Editorial: The Justice We Demand
On the morning of February 23, Liberians both home and abroad woke up to the horrific news of an attack on the home of former Chief Justice Cllr. Gloria Musu Scott. Unknown men had attacked her home on the night of February 22, killing one of her daughters, Charloe Musu, a prospective graduate of the Starz Institute in Monrovia. The attack also left other family members injured, to what degrees are yet to be made public.
The attack came after Cllr. Scott had reported two previous waves of attacks on her home on February 8th and 9th respectively. Neighbors claimed to have heard screaming and called for police intervention, but to no avail.
On the day of the reported incident, former Truth, and Reconciliation Commission Chairman Cllr. Jerome Verdier accused Monrovia City Mayor Jefferson Koijee and his Monrovia City Police Deputy for Operations Varlee Telleh as key suspects, though he had provided no documentary evidence as of yet.
However, both Koijee and Telleh have denied any link to the incident at the former Chief Justice’s home during police questioning last week. There are others who have also been called for questioning they include private security guards and workers who had worked in the compound during the day on the same date of the attack.
Cllr. Scott and her household have also been questioned, followed by a visit to the crime scene on Monday by both investigators and the family of Cllr. Scott.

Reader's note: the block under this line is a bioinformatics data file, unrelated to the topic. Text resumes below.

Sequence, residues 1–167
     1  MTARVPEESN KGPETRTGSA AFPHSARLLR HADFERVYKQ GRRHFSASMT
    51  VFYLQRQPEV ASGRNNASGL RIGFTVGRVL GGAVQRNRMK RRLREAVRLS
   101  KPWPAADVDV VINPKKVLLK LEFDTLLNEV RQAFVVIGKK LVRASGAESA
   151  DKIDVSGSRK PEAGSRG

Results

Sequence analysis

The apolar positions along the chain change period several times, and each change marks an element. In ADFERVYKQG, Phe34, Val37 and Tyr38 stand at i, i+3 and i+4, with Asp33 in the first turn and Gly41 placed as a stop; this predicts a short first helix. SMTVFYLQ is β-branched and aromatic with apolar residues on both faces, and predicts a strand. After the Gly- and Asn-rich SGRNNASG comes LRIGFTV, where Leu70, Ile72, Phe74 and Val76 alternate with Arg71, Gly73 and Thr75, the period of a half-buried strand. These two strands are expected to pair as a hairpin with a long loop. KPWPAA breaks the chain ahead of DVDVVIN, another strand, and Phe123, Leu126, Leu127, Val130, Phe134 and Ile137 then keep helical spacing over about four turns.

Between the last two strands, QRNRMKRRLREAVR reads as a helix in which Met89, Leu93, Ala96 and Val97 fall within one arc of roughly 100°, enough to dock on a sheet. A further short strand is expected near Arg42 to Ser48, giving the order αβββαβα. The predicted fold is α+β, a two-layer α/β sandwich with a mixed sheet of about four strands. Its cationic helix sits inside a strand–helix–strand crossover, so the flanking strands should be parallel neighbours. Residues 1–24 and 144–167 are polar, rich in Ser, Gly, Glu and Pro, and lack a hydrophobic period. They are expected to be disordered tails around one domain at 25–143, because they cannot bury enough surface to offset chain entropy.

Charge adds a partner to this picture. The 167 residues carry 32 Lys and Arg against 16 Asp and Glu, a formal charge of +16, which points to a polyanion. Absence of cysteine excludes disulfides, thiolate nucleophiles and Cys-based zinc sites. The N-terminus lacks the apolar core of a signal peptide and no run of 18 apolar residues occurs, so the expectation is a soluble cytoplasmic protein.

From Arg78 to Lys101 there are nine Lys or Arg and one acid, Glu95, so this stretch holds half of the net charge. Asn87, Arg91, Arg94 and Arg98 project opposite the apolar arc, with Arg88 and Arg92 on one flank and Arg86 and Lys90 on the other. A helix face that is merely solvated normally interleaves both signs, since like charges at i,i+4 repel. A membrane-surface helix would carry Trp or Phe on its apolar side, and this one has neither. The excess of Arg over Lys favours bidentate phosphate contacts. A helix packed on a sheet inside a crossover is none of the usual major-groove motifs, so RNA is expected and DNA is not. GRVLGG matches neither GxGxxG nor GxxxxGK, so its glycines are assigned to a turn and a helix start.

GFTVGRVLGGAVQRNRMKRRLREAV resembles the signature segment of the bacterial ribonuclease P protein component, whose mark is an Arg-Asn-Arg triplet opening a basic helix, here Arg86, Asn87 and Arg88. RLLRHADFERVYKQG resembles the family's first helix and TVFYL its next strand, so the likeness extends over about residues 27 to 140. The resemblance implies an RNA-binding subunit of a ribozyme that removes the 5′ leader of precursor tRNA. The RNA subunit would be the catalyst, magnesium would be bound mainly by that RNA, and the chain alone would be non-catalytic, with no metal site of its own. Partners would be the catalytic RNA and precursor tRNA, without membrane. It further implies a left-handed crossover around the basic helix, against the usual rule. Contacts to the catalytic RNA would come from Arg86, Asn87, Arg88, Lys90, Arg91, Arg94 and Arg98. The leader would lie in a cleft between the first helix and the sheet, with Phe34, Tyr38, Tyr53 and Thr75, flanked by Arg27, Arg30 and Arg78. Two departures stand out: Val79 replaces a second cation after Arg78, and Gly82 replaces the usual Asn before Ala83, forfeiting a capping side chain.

Meanwhile, there have been series of peaceful protests from the coalition of women civil society groups demanding justice for the deceased and speedy trials of culprits who are yet to be identified or charged.
On the other hand, the ruling Coalition for Democratic Change (CDC) whose National Secretary General in the person of Mr. Koijee is being linked to the armed robbery and murder attack has been staging peaceful demonstrations as well, parading with placards and images of the late Charloe Musu, while demanding justice.
The Justice that we demand is the process or result of using laws to fairly judge and punish crimes and criminals. Justice does not rely on the court of public opinion to deliver its verdicts or political chicaneries.
What we are witnessing so far, is the trial of the incident in courts of public opinion based on conspiracy theories before suspects can even be identified and charged, that’s not legal procedures, that’s gossip. And these rumors and conspiracy theories or hearsays only undermine the very justice that we seek.
The justice we demand is a process that follows the rule of law. When we began to use conspiracy theories based on hearsay, it’s called prejudice and it endangers the merits and demerits of the investigative outcomes.
The incident of Angel Tokpa, whose guardians were found guilty in a court of public opinion witnessed by countless protests even before the matter could be adjudicated is an example of how the court of public opinion has never won a case.
As we seek justice for the death of Charloe and others that have gone ahead of her, we can only hope for a fair and thorough investigation based on honesty and professionalism without fear or favor.
Justice is not ignoring the facts and relying on what we think or feel, it establishes the truth, rewards the victim, and punishes the offender. And that is what we seek.